AMLAPALI/NUAPADA: Who really wants to be the ‘face’ of poverty? Dana Majhi does not. After two weeks of media inquiry, he’s had it. Like Sania Mirza in her post-match pressers, he reels off the data in a rat-a-tat-tat manner. He’s a man in grief, has three daughters to care for and a life to pick up. What kind of stardom is that anyway if a poor man’s grief-laden trudge on a country road is what it takes to remind a nation of its superpower poverty? Dana Majhi has reminded India that we used to know a woman called Phanas Punji in the 1980s. She was the Dana Majhi of Kalahandi in the Rajiv Gandhi years. Some websites still remember her as the ‘poster woman of poverty’, underlining our acute need for posters and photographs of women with lines of want and need on their faces.
It was 1984 and Rajiv Gandhi was in the throes of ‘making a difference’, that decade’s code for achche din. Phanas Punji was found selling her 14-year-old sister-in-law Banita for Rs 40 and a saree. Her tale of destitution set against the grand theatre of the Kalahandi-Balangir-Koraput (KBK) region provided the nation an opportunity for self-flagellation and brought the Prime Minister down to this nether world for a photo op. In the present Dana Majhi saga, Phanas Punji is the flashback. She is now 55 years old and lives in Amlapali, now in Nuapada district which was carved out of Kalahandi in 1993.
But she isn’t pleased to be remembered. She bristles at any stranger bearing even the faintest resemblance of a journalist or cameraman who might approach her. “Go away. You guys take my pictures and sell them for a price while I continue to wallow in poverty,” she says.
Phanas lives in a house on the same Khariar-Kantabanjhi road where she was found hawking her sister-in-law back then. It’s a pucca house, built with money given to her under Odisha’s Mo Kudia Yojna. But her family has grown to six - son, daughter-in-law, their three children plus herself - and it’s a bit cramped.
Her old ramshackle hut still stands on the lot.She’s a cook at the local anganwadi and it pays Rs 2,000. But then, payments have not come for the last five months. Son Jagabandhu tills the small 2.25 acre patch of land left behind by his father but back-to-back droughts have killed his hope. He is yet to receive his agricultural input subsidy of Rs 6,800 for the loss of last year’s kharif crop.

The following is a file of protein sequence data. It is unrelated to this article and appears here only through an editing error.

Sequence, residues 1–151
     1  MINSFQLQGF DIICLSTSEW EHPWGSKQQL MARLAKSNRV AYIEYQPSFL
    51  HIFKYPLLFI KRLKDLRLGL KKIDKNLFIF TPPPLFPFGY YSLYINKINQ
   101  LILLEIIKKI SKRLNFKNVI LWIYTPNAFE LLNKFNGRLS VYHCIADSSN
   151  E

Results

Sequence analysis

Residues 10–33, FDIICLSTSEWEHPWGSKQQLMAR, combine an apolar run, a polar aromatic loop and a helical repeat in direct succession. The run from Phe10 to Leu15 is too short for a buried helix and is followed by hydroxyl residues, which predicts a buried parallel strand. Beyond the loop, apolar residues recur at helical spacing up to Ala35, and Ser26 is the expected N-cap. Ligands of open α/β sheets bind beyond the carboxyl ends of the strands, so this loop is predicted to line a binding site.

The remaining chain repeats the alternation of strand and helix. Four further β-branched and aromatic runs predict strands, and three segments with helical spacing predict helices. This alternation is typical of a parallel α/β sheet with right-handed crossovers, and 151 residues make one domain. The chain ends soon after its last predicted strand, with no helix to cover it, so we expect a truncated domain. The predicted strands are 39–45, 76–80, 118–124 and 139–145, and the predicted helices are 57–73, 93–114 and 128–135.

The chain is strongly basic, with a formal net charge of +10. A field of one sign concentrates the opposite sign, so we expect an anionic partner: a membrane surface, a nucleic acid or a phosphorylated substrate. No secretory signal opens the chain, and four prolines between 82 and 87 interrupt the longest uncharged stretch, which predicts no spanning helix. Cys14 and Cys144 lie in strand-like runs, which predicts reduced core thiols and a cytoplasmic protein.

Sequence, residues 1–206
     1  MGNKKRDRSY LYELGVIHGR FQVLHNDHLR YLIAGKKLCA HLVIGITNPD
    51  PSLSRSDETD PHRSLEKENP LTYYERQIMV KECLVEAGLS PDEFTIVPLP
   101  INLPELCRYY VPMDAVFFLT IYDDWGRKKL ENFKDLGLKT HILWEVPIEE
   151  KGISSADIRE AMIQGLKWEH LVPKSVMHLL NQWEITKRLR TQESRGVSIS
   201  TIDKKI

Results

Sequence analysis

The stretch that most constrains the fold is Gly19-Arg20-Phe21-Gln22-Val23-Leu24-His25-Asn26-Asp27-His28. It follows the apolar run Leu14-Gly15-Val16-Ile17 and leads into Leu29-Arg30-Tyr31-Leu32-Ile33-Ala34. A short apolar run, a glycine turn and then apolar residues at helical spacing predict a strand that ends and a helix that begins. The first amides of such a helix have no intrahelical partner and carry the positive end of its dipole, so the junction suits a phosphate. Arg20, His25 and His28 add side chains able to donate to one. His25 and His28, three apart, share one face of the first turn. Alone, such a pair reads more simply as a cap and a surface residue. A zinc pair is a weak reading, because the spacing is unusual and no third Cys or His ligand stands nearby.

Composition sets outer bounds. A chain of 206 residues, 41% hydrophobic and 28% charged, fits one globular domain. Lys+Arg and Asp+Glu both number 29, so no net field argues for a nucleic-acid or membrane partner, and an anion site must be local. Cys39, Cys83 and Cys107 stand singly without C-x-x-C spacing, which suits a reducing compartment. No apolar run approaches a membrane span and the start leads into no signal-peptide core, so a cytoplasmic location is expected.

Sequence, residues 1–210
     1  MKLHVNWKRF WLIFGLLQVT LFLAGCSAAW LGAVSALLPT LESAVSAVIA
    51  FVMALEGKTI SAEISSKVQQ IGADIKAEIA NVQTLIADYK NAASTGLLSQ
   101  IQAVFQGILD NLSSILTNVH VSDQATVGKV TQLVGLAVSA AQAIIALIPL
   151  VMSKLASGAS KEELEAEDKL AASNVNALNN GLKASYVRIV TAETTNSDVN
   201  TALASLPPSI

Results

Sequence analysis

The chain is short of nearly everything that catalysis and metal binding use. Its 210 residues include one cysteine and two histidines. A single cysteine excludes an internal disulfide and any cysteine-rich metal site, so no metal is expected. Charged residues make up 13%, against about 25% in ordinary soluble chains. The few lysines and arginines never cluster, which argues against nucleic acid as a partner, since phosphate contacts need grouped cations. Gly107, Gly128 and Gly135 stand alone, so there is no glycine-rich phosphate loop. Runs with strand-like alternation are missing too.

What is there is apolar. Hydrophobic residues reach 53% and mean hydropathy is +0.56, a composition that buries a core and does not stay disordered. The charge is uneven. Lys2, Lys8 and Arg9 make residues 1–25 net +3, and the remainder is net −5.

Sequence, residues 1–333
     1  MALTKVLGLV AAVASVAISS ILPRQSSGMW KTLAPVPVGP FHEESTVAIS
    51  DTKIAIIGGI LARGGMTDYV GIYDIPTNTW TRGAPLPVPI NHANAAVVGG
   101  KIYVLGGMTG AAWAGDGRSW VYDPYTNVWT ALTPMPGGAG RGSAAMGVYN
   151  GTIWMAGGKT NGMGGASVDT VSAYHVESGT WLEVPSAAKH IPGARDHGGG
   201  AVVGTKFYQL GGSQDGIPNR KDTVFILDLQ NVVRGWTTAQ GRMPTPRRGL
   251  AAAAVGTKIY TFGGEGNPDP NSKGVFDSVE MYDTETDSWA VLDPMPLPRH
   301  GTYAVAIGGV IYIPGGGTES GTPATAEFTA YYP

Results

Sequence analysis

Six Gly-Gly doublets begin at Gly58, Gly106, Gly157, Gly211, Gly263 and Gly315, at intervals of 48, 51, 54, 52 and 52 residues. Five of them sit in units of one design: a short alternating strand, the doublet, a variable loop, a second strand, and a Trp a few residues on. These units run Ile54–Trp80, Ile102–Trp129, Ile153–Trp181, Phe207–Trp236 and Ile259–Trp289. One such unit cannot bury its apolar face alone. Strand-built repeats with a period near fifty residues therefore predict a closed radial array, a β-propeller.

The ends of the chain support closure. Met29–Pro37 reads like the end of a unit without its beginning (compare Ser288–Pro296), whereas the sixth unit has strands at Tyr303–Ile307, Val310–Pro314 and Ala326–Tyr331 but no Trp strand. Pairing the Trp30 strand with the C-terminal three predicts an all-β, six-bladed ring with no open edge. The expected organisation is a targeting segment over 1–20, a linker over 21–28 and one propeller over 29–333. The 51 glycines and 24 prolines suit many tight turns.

This year, Nuapada has notched up a 22 per cent rainfall deficit. His application for a bore-well is pending with the local administration. The going is not good. In his thirties, Jagabandhu has grown philosophical. “I faintly remember being held up by the Prime Minister. It was a long time ago. My mother hoped things would change for better but they didn’t,” he says.
Jagabandhu had to drop out of school after Class V as hopes of government support faded. The Punji family became overnight poverty celebs but things only got worse.
Joining the conversation sullenly, Phanas pours out her bile. “People got jealous of us and we were virtually cast out of the neighbourhood in Amlapali,” she says. Her husband had never been around, and after the poverty tourists went home, she became the sole bread-earner of the family.
The nation’s pity and the neighbours’ envy made things worse. A tubewell was promised and she applied for it. The papers were issued but someone cleverly hijacked it. “I asked and the authorities said the bore-well was for me but I never got it. I still don’t have one,” she says.
Jagabandhu and his wife Chanchala are working towards getting a motor pump. If they raise Rs 30,000 the government will give a likely subsidy and the pump is theirs. The wife and he decided to save their NREGS wages and they’ve raked together Rs 4000 so far. “I don’t think we can ever manage Rs 30,000,” says Jagabandhu with a wry smile.
Other apathetic incidents
Nuapada is one of the poorest districts in Odisha. At least 83 per cent of the families here live below the poverty line. Of them, over 50 per cent are tagged “very poor”, earning barely Rs 6,000 a year. Perennially drought-hit, Nuapada, Kalahandi and Balangir are witness to migration by the thousands every year. Phanas and her son have been spared that fate till now.
The latest district gazetteer calculates that one year of drought pushes the poor of Nuapada into 10 years of indebtedness. Even in a good year, a social function could deplete all of a family’s reserves and leave it in a food deficit.
The annual festivals are always a worry. Nuakhai, the biggest festival of western Odisha, is now here. It has to be celebrated with good food and new clothes to welcome the new rice of the season but for Phanas and Jagabandhu, it will be a just another day of struggle.
From mother to son, a generation has passed and the faces have changed on the posters. From Phanas Punji to Dana Majhi, this is Kalahandi reinventing itself, trying to make itself interesting to a nation that sends 65 satellites into space all at once.